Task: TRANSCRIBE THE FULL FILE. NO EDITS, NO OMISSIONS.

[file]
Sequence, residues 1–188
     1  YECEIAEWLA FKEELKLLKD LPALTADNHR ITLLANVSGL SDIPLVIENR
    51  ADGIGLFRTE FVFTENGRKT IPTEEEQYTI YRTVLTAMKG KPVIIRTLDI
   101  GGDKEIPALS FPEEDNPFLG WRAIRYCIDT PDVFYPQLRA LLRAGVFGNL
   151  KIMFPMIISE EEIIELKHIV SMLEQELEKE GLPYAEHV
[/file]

Sequence, residues 1–188
     1  YECEIAEWLA FKEELKLLKD LPALTADNHR ITLLANVSGL SDIPLVIENR
    51  ADGIGLFRTE FVFTENGRKT IPTEEEQYTI YRTVLTAMKG KPVIIRTLDI
   101  GGDKEIPALS FPEEDNPFLG WRAIRYCIDT PDVFYPQLRA LLRAGVFGNL
   151  KIMFPMIISE EEIIELKHIV SMLEQELEKE GLPYAEHV